Some also thought that the soda brand was appropriating resistance to Donald Trump and the Black Lives Matter movement just to sell a soft drink. "She feels bad", a source told People of the 21-year-old supermodel whose controversial commercial was pulled by the company due to an uproar on social media.
In the sketch from Saturday night, we see everything that happened "behind the scenes" of the commercial, featuring Beck Bennett as the wide-eyed director helming his first big job.
The ad ends with Jenner walking up to a stoic looking police officer, handing him a can of Pepsi and getting him to break into a smile.
He then runs the commercial past another relative on the phone.
Meanwhile, the insider also acknowledged Pepsi had made a mistake in hiring Kendall for the role. And then, that Pepsi brings everybody together. But as you can see in the image above, taken from a behind-the-scenes version of the ad that has since been deleted, the police officers' sleeve patches say "San Francisco Police" and use the same eagle logo as the SFPD sleeve patches.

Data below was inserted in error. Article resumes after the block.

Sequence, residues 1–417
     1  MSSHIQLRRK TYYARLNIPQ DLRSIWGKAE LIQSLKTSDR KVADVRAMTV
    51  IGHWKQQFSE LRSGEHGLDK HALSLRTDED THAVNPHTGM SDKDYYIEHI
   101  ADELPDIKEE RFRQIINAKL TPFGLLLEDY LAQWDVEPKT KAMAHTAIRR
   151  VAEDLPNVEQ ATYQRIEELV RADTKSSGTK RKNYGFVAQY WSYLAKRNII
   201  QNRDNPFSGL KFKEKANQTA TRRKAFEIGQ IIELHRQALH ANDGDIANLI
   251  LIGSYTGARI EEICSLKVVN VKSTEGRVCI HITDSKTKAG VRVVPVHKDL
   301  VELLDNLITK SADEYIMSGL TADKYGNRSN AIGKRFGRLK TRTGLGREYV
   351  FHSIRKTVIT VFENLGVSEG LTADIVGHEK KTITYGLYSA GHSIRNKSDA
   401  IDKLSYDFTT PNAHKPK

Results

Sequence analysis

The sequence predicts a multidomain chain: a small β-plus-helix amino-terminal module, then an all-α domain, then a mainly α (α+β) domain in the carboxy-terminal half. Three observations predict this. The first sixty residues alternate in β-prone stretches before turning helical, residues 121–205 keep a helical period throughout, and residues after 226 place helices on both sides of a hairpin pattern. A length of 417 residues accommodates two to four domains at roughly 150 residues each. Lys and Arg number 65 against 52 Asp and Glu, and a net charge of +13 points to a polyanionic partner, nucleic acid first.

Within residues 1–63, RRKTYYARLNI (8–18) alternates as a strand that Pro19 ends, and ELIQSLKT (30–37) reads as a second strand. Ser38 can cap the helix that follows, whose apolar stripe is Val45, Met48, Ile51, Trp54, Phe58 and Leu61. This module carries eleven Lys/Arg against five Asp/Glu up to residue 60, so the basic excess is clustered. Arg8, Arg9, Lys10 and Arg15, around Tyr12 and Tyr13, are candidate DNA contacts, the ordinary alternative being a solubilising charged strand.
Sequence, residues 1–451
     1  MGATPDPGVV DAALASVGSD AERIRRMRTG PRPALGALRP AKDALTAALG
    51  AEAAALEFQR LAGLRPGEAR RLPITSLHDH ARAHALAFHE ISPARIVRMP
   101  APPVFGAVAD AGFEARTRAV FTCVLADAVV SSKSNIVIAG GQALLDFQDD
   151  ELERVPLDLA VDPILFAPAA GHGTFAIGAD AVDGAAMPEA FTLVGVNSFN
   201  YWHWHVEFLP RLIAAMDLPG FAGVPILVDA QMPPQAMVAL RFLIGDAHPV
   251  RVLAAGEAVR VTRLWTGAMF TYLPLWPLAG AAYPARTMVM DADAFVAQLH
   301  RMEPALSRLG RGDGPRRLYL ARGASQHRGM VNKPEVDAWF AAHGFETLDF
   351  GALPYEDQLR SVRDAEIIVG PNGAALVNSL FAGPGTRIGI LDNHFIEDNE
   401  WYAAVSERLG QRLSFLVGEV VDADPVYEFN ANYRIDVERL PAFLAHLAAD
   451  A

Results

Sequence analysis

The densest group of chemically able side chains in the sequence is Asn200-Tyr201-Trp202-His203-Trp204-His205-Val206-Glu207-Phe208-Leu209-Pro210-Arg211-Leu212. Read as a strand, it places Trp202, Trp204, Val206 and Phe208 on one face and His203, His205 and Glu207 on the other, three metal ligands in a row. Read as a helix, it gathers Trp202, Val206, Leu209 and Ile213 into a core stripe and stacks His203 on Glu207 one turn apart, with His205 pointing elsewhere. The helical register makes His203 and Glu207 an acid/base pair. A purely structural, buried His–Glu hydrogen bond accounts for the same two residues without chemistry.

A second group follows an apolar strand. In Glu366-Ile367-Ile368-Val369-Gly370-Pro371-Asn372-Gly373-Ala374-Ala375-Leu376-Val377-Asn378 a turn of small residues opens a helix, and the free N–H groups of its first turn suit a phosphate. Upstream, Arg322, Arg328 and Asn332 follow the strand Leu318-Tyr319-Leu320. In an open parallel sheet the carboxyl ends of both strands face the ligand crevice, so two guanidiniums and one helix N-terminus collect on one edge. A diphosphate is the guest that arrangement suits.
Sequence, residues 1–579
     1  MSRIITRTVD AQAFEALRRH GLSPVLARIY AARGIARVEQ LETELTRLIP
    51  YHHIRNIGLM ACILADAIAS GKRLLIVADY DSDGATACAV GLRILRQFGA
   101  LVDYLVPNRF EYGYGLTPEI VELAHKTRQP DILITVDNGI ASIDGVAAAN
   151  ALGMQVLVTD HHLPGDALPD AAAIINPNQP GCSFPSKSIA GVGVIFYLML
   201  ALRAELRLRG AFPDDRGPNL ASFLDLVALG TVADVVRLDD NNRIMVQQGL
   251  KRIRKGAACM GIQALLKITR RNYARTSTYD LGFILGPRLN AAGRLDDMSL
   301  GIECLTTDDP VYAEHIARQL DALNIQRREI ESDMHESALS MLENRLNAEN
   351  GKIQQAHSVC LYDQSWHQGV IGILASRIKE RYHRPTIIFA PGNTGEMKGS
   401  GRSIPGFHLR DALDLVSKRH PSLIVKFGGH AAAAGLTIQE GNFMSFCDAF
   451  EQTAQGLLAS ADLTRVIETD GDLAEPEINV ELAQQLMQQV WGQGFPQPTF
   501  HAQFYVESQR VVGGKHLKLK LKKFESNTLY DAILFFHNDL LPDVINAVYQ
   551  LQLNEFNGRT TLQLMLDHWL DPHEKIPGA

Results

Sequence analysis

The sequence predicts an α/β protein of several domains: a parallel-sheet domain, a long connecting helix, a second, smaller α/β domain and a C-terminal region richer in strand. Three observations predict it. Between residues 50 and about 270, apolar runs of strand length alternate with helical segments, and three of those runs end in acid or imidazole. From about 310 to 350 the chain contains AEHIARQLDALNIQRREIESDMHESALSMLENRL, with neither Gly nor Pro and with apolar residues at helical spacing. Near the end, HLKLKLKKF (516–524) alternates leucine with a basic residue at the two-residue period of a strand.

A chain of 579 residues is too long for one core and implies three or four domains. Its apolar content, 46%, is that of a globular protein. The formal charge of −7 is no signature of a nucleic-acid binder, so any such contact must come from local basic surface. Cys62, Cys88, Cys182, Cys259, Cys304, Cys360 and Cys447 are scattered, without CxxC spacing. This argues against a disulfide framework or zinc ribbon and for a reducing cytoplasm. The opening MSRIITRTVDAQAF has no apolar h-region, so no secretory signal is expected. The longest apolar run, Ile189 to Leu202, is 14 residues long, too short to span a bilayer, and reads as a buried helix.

"Isn't that like the best ad ever", Bennet's character asks his sister, Carrie, before being hit with the inevitable. "I know! It's cute, right?" Standing up against police brutality, racial injustice and inequality, the Black Lives Matter movement seeks to tackle systemic racism in American society, which the Pepsi commercial appears to trivialize.
To paraphrase sometime-casino owner Rick in "Casablanca", "I'm no good at being noble, but it doesn't take much to see that the problems of one little Pepsi commercial don't amount to a hill of beans in this insane world".
The commercial has been accused of trivialising a serious issue by some of its online critics, but Pepsi has defended the advert, saying it carries an "important message".
"Pepsi was trying to project a global a message of unity, peace and understanding. Clearly we missed the mark, and we apologize", it said in a statement. We are removing the content and halting any further rollout.